US: A NASA-led team used radar sounding technology to create high-resolution maps of freshwater aquifers buried deep beneath Earth desert. The technology was originally developed to explore the subsurface of Mars and this is the first use of airborne sounding radar for aquifer mapping on the Earth.
The radar sounding prototype shares similar characteristics with two instruments flying on Mars- orbiting spacecraft: Mars Advanced Radar for Subsurface and Ionospheric Sounding (MARSIS), on the European Space Agency’s Mars Express, and Shallow Radar (SHARAD), on NASA’s Mars Reconnaissance Orbiter.
This technology is helping scientists in locating and mapping Earth’s desert aquifers, understanding current and past hydrological conditions in Earth’s deserts and assessing how climate change is impacting them. Deserts cover roughly 20 percent of Earth’s land surface, including highly populated regions in the Arabian Peninsula, North Africa, west and central Asia and the southwestern United States.
An international team led by research scientist Essam Heggy of NASA’s Jet Propulsion Laboratory, Pasadena, Calif., recently travelled to northern Kuwait to map the depth and extent of aquifers in arid environments using an airborne sounding radar prototype. The 40-megahertz, low-frequency sounding radar was provided by the California Institute of Technology in Pasadena; and the Institut de Physique du Globe de Paris, France. Heggy’s team was joined by personnel from the Kuwait Institute for Scientific Research (KISR), Kuwait City.
The researchers successfully demonstrated that the radar could locate subsurface aquifers, probe variations in the depth of the water table, and identify locations where water flowed into and out of the aquifers. “This demonstration is a critical first step that will hopefully lead to large-scale mapping of aquifers, not only improving our ability to quantify groundwater processes, but also helping water managers drill more accurately,” said Muhammad Al-Rashed, director of KISR’s Division of Water Resources.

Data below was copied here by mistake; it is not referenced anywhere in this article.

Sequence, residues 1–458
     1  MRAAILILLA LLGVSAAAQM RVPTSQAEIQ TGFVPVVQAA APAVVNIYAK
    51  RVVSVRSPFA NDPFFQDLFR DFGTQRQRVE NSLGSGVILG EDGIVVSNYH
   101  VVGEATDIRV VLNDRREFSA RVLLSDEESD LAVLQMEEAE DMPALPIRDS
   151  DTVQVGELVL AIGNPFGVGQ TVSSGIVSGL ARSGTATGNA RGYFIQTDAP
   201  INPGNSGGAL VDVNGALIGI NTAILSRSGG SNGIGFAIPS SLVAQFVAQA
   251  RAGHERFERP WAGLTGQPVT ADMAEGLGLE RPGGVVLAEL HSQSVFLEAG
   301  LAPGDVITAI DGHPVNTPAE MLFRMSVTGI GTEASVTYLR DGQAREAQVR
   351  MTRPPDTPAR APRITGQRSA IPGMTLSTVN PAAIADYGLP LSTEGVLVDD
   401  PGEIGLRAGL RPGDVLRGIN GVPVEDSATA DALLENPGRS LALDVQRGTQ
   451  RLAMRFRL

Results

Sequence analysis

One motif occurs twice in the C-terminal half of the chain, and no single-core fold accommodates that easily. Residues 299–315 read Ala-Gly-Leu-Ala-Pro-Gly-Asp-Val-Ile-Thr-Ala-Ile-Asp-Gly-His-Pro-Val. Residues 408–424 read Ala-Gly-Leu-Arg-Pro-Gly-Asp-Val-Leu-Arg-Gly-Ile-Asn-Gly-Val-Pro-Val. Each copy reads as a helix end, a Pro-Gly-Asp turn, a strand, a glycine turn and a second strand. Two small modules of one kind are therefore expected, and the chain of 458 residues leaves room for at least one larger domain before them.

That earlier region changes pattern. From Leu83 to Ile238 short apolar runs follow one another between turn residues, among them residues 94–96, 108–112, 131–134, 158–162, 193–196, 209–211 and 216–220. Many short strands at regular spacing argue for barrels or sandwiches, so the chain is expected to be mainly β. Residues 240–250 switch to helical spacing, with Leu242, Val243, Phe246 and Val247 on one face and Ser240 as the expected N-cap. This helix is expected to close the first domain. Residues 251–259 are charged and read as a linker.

The radar is sensitive to changes in electrical characteristics of subsurface rock, sediments and water- saturated soils. Water-saturated zones are highly reflective and mirror the low-frequency radar signal. The returned radar echoes explored the thick mixture of gravel, sand and silt that covers most of Kuwait’s northern desert and lies above its water table.
The team created high-resolution cross sections of the subsurface, showing variations in the fresh groundwater table in the two aquifers studied. The radar results were validated with ground measurements performed by KISR.
“Much of the evidence for climate change in Earth’s deserts lies beneath the surface and is reflected in its groundwater. By mapping desert aquifers with this technology, we can detect layers deposited by ancient geological processes and trace back paleoclimatic conditions that existed thousands of years ago, when many of today’s deserts were wet.”
“Results of this study pave the way for potential airborne mapping of aquifers in hyper-arid regions such as the Sahara and Arabian Peninsula, and can be applied to design concepts for a possible future satellite mission to map Earth’s desert aquifers,” said Craig Dobson, programme officer for Geodetic Imaging and Airborne Instrument Technology Transition programs at NASA Headquarters, Washington.
Source: Terra Daily